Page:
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Russia Reform Monitor - No. 2164

Russian hackers target NATO;
Moscow takes aim at American media

Edited by Amanda Azinheira, Evelyn Johns and Jack Verser
November 10, 2017

October 4:

The Moscow Times reports that, for the first time in 11 years, a memorial event for a murdered Kremlin critic, Anna Politkovskaya, has been denied approval by St. Petersburg authorities. Politkovskaya, a journalist for the Novaya Gazeta newspaper who rose to prominence with her reporting on the Chechen conflict, was slain in her Moscow apartment building on October 7, 2006. Five individuals were sentenced for Politkovskaya's murder in 2014, although authorities have failed to charge anyone for orchestrating the killing. Since 2006, around 300 individuals have attended an annual memorial for the journalist. Despite the rejection by city officials, organizers plan to go ahead and gather near the Solovetsky Stone in St. Petersburg.

Russia has been engaging in a cyber campaign designed to gauge NATO movement in Europe and intimidate Western forces,
according to the New York Post. The paper cites a Wall Street Journal report describing highly coordinated efforts, including smartphone hacks and cyber hacking, and the employment of sophisticated technology such as military-grade drones. The campaign's main targets were the 4,000 NATO troops stationed in Poland and the Baltics. Hackers have geo-tracked service members and syphoned contacts and other information off of their devices while attempting to bypass security on the smartphones of soldiers stationed there in an effort to increase confusion and miscommunication in the event of NATO action. Keir Giles, an associate fellow specializing in Russia and Eurasia at the British think tank Chatham House, characterizes the motive behind the attacks as historical, but the attacks as unprecedented.

October 6:

According to Interfax, Russia's General Prosecutor is considering the possibility of labeling some American media outlets and their endeavors as "undesirable,"
reports Estonian news portal Meduza. The revelation is the result of an October 5th meeting between the prosecutor's office and "other competent organizations," in which the parties involved discussed U.S. government pressure on Russian media outlets in America, and American media activity in Russia. The office specifically cites the U.S. requirement that Russia Today, a Russian state media organization, formally register as a "foreign agent" under U.S. law as a contentious issue, using this as justification to label foreign media as undesirable if they "threaten the foundations of the constitutional system of the Russian Federation, the country's defense, or state security." The office has further threatened criminal punishment against such organizations.

The Senior Editor of Agentura, Andrei Soldatov,
has elaborated on the oddly familial relationship between modern Russian IT services and state surveillance operations. In his article entitled "Special Relationship," Soldatov explains that Soviet technical educational culture contributed to the modern dynamic between the state and IT services. According to Soldatov, the Soviet Union educated and trained engineers narrowly, providing them with technical knowledge but no understanding of a larger purpose to their work; rather, the Soviet Union was training these people to be "technical servants of the state."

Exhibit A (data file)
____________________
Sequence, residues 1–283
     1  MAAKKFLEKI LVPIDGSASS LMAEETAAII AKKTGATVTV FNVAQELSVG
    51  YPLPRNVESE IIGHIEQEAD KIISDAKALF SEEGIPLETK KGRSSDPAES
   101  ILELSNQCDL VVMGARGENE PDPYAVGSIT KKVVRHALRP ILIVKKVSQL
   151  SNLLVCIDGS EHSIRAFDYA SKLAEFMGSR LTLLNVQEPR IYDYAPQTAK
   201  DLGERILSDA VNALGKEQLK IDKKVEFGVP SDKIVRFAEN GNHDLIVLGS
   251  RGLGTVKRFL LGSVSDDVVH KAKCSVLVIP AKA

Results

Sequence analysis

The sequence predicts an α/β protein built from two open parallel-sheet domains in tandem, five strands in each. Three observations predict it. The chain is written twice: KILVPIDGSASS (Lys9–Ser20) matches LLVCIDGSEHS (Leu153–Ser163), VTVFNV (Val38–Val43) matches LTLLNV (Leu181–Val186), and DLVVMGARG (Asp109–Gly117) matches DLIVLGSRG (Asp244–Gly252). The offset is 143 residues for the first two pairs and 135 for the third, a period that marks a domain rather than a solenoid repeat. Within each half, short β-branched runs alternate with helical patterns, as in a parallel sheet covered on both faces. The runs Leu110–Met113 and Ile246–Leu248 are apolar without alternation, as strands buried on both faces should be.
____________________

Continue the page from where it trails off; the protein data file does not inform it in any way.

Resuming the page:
With the collapse of the Soviet Union and the Soviet military industrial complex, these engineers and their children pivoted to the IT industry, maintaining their loyalty to the state and building the Russian IT infrastructure. This culture of coercive loyalty continues to pervade Russian IT, with Yandex, the Russian equivalent of Google, dominating Internet search and email traffic; Yandex was recently pressured to appoint ex-Kremlin ministers to its board, and to install backdoor technology for state surveillance organizations to use. These nationalist undertones and loyalties will continue to affect the relationship between private organizations, the state, and the general public, Soldatov concludes.

October 7:

According to Reuters, police have detained over 200 anti-Kremlin activists across 27 Russian cities supporting opposition candidate Alexei Navalny on Vladimir Putin's birthday. Signs declaring "Putin is a thief" and "Russia will be free" could be seen in the crowd of over 2,000 people that gathered in Pushkin Square in Moscow, and among the 1,500 person crowd in Putin's hometown of St. Petersburg. Navalny is currently serving a 20 day jail term for violating rules on public meetings, but expressed his support for the protests he organized; the opposition candidate plans to run for the country's presidency next year despite claims of his ineligibility as a result of a past (and allegedly politically motivated) suspended jail sentence.

October 9:

President Putin has signed a decree allowing foreigners to be part of Russian combat operations outside its borders,
The Moscow Times reports. Since 2015, foreigners, particularly those from former Soviet republics, have been allowed to enlist in the Russian army and Interior Ministry forces. Now, they will be able to fight in Russia's foreign wars as well.

Related Categories: Russia; Russia and Eurasia Program; Ukraine

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